The Supreme Court on Monday asked the Madras High Court to go ahead and decide on merits all the petitions pending before it seeking 50% reservation for OBCs in all-India quota seats for medical and dental courses in Tamil Nadu.
A Bench, led by Justice L. Nageswara Rao, held that theSaloni Kumari case, which was pending in the Supreme Court and pertained to the grant of 27% OBC quota in terms of a Central Act, cannot impede the Madras High Court from deciding on the question of the grant of 50% quota for OBCs in Tamil Nadu on the basis of a State law. The High Court will begin hearing the petitions on Friday.
The top court fully agreed with the argument made by senior advocate P. Wilson that the pendency of the Saloni Kumari case, which pertained specifically to OBC reservation in Uttar Pradesh, would not bar the Madras High Court from hearing Tamil Nadu-specific petitions.
The Tamil Nadu government, represented by senior advocate V. Giri and Additional Advocate General Balaji Srinivasan, said the High Court should decide on all the issues highlighted on merit. The State agreed with Mr. Wilson’s submission that the High Court’s decision should be made in time for admissions during the current year.
At one point during the virtual hearing, Mr. Wilson argued: “The Central government, in 2016, filed a counter-affidavit in the Saloni Kumari case, admitting that it is bound to give OBC reservations in State-surrendered seats to the all-India quota.” However, the same officer is still opposing the plea in the High Court. He argued that, therefore, the Central government is not honest in its approach and is illegally depriving tens of thousands of OBC students across the country.”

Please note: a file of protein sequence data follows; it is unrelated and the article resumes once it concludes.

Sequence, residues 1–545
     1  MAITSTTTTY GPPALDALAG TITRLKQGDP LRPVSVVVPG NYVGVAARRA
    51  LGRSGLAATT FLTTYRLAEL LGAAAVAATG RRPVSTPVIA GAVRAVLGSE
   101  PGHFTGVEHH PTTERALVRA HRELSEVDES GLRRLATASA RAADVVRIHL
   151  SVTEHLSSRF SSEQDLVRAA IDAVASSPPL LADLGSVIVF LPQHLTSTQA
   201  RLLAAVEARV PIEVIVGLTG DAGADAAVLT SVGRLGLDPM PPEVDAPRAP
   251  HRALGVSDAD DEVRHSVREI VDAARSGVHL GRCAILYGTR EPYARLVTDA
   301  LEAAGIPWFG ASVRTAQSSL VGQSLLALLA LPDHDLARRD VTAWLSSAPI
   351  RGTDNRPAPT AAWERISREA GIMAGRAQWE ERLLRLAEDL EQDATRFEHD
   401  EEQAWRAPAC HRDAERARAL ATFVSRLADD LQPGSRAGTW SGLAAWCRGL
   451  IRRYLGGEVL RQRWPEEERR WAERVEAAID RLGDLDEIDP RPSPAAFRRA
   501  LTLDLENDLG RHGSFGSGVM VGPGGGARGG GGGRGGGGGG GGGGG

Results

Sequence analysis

The court finally disposed of the batch of petitions — including one by Tamil Nadu — filed against a June 22 order of the Madras High Court to keep the petitions in abeyance till the apex court decided the Saloni Kumari case. Tamil Nadu, in its petition, submitted that the Madras High Court’s adjournment order came soon after the Centre convinced it that an ‘identical’ case — Saloni Kumari versus Director General of Health Services — was already pending in the Supreme Court. The High Court was told that the apex court had tentatively listed the Saloni Kumari case for July 8, and that any decision ought to follow the Supreme Court’s ruling in the case.
Tamil Nadu said the High Court had been completely misguided by the respondents, which included the Centre and the Medical Council of India. “The Saloni Kumari case pertains to reservation for OBCs under seats surrendered to All-India quota by medical colleges located in the State of Uttar Pradesh, and not to the rest of India or to Tamil Nadu,” the petition said. An adjournment had made the apex court’s grant of liberty to the State to approach the High Court redundant, the petition argued.
“It nullified the grant of such liberty because if the Supreme Court wanted the High Court to await orders in the case relating to Saloni Kumari, it would not have felt the need to grant liberty to approach the High Court,” the State reasoned and highlighted that the adjournment by the High Court may unwittingly delay the implementation of the 50% reservation for Backward Classes and lead to same constitutional illegality being perpetrated in the current academic year, for which results were announced on April 1. It warned that the admission process was in the second stage of counselling.